サンマの他には、「栗」や「松茸」、「サツマイモ」、「梨」などがよく秋の味覚として挙げられます。
No. 1 Amop567
  • Aki no Mikaku (秋の味覚 - Seasonal Food of Fall/Autumn)
  • This sentence is perfect! No correction needed!
  • Yesterday, I introduced the term 'sanma' (サンマ), which means "Pacific saury."
  • This sentence is perfect! No correction needed!
  • In Japan, 'sanma' is one of the most typical 'aki no mikaku' (秋の味覚).
  • This sentence is perfect! No correction needed!
  • Since 'aki' (秋) means "fall/autumn" and 'mikaku' (味覚) means "flavor," the literal meaning of 'aki no mikaku' is "fall/autumn flavors."
  • This sentence is perfect! No correction needed!
  • In addition to 'sanma', 'kuri' (栗 - "chestnut"), 'matsutake' (松茸 - "matsutake mushroom"), 'satsumaimo' (サツマイモ - "sweet potate"), and 'nashi' (梨 - "pear") are often lined up as seasonal food of fall/autumn.
  • In addition to 'sanma', 'kuri' (栗 - "chestnut"), 'matsutake' (松茸 - "matsutake mushroom"), 'satsumaimo' (サツマイモ - "sweet potato"), and 'nashi' (梨 - "pear") are often lined up mentioned as seasonal food of fall/autumn.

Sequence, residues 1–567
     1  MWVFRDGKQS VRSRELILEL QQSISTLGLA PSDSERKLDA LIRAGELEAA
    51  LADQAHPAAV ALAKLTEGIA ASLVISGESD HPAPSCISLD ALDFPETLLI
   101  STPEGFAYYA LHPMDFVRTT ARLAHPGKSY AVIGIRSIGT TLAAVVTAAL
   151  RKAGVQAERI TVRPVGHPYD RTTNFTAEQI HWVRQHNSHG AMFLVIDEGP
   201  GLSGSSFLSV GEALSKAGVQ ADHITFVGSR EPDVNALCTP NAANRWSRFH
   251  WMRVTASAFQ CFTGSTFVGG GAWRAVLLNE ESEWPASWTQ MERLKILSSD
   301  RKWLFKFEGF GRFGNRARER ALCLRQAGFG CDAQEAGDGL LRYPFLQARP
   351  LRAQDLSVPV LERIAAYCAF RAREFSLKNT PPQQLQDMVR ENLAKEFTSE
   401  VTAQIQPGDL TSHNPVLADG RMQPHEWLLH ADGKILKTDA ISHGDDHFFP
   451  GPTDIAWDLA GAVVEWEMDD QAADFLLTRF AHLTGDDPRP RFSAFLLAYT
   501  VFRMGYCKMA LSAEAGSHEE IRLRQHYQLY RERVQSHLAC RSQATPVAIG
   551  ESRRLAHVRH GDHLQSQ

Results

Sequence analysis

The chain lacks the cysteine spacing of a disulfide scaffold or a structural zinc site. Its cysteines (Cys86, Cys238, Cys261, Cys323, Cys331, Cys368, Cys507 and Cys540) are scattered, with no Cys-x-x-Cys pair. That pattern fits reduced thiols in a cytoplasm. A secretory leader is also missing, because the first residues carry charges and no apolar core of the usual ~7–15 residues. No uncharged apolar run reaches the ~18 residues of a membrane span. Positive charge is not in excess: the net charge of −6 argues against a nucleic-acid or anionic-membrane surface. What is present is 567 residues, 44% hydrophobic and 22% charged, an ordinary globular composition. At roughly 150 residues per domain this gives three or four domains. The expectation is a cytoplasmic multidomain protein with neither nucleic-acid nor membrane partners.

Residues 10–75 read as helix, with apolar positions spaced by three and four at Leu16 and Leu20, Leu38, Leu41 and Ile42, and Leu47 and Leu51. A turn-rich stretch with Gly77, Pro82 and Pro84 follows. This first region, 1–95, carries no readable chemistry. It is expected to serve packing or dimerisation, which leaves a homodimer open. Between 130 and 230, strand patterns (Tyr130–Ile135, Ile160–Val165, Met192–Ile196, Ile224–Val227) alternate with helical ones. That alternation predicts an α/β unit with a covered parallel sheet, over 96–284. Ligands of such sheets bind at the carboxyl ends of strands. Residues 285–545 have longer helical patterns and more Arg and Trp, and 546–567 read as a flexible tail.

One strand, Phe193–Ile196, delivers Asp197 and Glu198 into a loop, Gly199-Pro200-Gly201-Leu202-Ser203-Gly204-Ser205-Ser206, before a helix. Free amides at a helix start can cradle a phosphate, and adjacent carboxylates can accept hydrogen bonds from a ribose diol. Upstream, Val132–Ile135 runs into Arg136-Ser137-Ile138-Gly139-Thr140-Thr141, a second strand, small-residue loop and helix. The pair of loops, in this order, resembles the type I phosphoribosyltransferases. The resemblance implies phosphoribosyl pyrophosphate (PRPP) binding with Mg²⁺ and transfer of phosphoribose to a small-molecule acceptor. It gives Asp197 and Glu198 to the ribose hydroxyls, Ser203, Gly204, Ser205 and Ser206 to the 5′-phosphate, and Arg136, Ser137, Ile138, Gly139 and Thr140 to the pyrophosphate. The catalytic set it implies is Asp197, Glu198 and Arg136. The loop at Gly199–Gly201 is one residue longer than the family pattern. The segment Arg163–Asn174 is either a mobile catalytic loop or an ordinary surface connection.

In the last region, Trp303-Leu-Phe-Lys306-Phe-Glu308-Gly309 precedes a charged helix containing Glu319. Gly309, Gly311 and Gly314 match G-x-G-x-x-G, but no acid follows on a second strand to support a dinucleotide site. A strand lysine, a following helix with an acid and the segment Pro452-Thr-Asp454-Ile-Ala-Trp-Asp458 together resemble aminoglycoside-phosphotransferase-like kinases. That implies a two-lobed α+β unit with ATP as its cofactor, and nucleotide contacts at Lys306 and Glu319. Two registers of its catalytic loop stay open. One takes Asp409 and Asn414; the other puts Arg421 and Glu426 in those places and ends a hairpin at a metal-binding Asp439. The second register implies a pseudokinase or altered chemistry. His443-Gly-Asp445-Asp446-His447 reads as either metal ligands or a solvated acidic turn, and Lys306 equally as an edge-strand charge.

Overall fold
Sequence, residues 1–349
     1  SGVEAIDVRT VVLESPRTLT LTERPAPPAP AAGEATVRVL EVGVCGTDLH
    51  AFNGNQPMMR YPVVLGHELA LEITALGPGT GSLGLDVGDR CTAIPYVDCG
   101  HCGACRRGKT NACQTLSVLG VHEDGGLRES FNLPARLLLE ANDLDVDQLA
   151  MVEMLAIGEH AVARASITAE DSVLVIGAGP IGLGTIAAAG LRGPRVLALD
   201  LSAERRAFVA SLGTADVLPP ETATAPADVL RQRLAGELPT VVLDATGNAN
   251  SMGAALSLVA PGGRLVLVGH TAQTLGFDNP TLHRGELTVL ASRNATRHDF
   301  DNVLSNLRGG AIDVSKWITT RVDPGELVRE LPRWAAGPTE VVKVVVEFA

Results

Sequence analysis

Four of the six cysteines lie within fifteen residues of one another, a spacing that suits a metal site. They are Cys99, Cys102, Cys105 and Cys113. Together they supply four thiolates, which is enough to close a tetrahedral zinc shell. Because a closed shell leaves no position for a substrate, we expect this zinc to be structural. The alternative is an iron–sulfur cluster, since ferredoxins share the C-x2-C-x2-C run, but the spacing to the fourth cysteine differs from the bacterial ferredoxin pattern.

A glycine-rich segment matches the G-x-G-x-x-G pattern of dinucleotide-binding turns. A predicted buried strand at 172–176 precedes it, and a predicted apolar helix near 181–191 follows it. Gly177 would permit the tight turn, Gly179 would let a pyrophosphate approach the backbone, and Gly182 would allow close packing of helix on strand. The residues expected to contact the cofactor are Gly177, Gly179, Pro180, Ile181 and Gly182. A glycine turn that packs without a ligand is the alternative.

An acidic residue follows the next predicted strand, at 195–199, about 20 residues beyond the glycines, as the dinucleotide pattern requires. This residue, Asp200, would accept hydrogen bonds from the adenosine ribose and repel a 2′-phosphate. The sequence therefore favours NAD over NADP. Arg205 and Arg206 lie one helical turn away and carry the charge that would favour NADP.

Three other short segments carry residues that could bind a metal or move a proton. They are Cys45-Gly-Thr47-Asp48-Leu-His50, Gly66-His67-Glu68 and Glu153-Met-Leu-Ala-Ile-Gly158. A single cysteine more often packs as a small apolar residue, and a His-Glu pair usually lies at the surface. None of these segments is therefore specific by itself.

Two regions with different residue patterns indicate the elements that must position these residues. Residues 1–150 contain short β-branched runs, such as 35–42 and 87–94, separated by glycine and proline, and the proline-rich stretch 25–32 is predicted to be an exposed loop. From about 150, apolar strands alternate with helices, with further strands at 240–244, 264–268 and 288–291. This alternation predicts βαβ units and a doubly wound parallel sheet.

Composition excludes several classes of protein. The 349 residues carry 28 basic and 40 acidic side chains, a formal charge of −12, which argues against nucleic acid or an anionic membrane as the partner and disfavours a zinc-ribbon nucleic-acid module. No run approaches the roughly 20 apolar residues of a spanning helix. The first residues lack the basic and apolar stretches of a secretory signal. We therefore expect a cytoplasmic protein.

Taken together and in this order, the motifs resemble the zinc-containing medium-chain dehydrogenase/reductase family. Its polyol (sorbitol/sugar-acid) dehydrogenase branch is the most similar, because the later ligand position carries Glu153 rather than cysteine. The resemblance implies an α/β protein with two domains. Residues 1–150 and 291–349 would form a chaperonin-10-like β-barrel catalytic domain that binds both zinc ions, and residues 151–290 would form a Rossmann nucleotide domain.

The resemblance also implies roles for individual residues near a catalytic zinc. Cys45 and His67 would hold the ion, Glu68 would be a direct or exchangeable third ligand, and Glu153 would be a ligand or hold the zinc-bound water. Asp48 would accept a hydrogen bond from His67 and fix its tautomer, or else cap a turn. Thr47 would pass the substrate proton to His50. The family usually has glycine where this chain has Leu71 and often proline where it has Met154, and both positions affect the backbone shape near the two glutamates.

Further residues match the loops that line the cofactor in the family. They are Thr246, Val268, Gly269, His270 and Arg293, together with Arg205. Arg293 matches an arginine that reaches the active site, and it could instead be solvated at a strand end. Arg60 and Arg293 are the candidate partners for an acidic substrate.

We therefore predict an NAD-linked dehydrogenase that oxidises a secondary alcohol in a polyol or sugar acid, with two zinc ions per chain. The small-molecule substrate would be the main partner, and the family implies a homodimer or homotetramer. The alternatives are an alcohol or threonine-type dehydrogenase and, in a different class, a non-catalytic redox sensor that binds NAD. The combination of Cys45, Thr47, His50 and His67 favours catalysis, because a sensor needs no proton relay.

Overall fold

"lined up" sounds strange/unclear
    also it's potato not potate. "Potato" is pronounced with an "oh" sound at the end.

yum!

Toru
Thank you for the correction! (^^)
No. 2 outdoors
  • In addition to 'sanma', 'kuri' (栗 - "chestnut"), 'matsutake' (松茸 - "matsutake mushroom"), 'satsumaimo' (サツマイモ - "sweet potate"), and 'nashi' (梨 - "pear") are often lined up as seasonal food of fall/autumn.
  • In addition to 'sanma', 'kuri' (栗 - "chestnut"), 'matsutake' (松茸 - "matsutake mushroom"), 'satsuma imo' (サツマイモ - "sweet potato"), and 'nashi' (梨 - "pear") are often mentioned as examples of seasonal autumnal foods.
Toru
Thank you for the correction! :)

Sanma (サンマ - "Pacific Saury")

Sep 23, 2019 22:19
Sanma

The season when 'sanma' (サンマ) becomes delicious is approaching.

'Sanma' means "Pacific saury," and is sold throughout the year, but you can eat delicious saury with a lot of fat in the fishing season, autumn.